Heberden's nodes are swollen, tender protrusions of bone and cartilage tissue that develop in finger or toe joints. They are a consequence of osteoarthritis, and often one of the first signs of the degenerative joint disease. In most cases, nodes develop gradually over several months or years, but the acute onset of pain and swelling is possible. While there is not a cure for osteoarthritis, taking anti-inflammatory drugs and avoiding putting too much stress on the fingers can help relieve symptoms. Surgery may be necessary if Heberden's nodes significantly impair a person's ability to manage daily tasks.
The distal interphalangeal joints, the last joints in the fingers and toes, are susceptible to Heberden's nodes. They are often accompanied by protrusions in the middle joints as well, known as Bouchard's nodes. It is unclear exactly why the nodes develop or what triggers the underlying osteoarthritis disease, but doctors believe that a combination of genetic and environmental factors are responsible. People with family histories of arthritis are more likely to develop problems at some point in their lives. Wear-and-tear on the finger joints may also contribute to the onset of this condition.
A developing node is characterized by mild swelling on one or both sides of a finger joint. Over time, swelling worsens and the protrusion becomes hard and tender to the touch. Heberden's nodes can cause stiffness in the fingers that limits the hand's range of motion. Constant pain and progressive weakening of the fingers can make even the simplest activities such as typing or gripping a pen very uncomfortable. Most people who have osteoarthritis in their fingers or toes also experience pain in their knees, hips, wrists, and ankles, though symptoms may be less noticeable in other joints.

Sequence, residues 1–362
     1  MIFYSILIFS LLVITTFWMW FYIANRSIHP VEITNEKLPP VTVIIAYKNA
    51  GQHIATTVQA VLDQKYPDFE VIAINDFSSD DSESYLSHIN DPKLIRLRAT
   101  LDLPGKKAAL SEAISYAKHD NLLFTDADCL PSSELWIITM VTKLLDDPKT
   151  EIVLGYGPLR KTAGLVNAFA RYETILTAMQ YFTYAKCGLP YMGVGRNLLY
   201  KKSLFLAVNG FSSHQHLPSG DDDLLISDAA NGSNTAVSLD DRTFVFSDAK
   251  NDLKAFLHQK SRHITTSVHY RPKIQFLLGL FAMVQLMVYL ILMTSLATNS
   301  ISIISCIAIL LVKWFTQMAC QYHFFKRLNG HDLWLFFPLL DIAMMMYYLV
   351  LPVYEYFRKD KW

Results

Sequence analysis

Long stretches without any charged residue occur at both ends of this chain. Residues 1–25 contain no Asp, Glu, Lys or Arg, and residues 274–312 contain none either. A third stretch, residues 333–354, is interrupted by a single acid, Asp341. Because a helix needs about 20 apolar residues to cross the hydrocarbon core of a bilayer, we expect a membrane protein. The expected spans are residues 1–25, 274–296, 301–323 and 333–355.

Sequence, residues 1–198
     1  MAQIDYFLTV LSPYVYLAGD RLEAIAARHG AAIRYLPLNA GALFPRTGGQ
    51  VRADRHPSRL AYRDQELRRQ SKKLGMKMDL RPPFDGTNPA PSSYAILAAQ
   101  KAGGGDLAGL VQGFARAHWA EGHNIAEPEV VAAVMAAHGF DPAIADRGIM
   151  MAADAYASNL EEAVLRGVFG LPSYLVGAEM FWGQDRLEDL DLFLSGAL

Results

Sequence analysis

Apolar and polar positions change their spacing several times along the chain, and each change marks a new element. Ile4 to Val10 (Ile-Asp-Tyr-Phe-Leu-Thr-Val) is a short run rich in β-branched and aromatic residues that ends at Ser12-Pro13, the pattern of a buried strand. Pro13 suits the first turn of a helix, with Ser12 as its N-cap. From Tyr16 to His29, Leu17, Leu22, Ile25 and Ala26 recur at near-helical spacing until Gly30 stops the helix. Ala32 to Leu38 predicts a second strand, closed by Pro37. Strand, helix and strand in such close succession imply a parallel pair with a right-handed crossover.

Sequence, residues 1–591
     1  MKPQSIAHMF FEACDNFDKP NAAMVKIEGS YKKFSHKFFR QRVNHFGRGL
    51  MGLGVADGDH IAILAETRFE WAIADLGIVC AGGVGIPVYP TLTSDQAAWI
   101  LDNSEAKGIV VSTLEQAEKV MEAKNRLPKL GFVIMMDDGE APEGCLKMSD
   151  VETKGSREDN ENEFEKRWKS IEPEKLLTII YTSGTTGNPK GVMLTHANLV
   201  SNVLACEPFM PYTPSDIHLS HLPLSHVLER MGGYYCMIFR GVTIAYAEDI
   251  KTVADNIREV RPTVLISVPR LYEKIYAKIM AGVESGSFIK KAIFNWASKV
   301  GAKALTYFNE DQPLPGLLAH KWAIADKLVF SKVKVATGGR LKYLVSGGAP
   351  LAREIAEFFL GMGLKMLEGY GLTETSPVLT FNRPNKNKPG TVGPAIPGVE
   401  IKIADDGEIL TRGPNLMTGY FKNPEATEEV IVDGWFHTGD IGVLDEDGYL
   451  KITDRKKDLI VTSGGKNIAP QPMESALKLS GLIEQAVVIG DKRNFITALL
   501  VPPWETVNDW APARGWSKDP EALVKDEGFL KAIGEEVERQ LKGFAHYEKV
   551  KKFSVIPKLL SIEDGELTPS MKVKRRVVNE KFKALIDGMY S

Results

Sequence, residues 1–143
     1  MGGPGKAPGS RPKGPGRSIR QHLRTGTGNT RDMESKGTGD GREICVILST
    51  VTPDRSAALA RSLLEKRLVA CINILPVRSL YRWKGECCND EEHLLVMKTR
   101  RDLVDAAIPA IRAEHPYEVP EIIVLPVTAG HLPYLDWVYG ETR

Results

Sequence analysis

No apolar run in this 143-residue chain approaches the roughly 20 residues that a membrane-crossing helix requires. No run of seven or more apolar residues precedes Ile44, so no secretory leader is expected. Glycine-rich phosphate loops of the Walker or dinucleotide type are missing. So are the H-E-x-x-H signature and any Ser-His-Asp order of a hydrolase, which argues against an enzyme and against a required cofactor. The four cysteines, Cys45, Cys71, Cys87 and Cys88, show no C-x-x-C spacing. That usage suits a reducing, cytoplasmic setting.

An individual who experiences worsening pain and swelling in his or her fingers should visit a doctor. A specialist can physically inspect the fingers and order x-rays to study the internal structure of the joints. X-rays may reveal damaged or deteriorated cartilage and unusual bony projections. The doctor may also decide to perform blood tests or extract a sample of joint fluid to rule out other types of arthritis and other possible causes of joint swelling.
Once a diagnosis has been made, the doctor can explain different treatment options. Most patients are instructed to take anti-inflammatory drugs when their symptoms are the worst and try to avoid using sore fingers as much as possible. If swelling is severe, a physician can inject a corticosteroid directly into a joint to bring down swelling and numb pain. Persistent Heberden's nodes can be treated surgically by excising the protrusion and realigning the joint.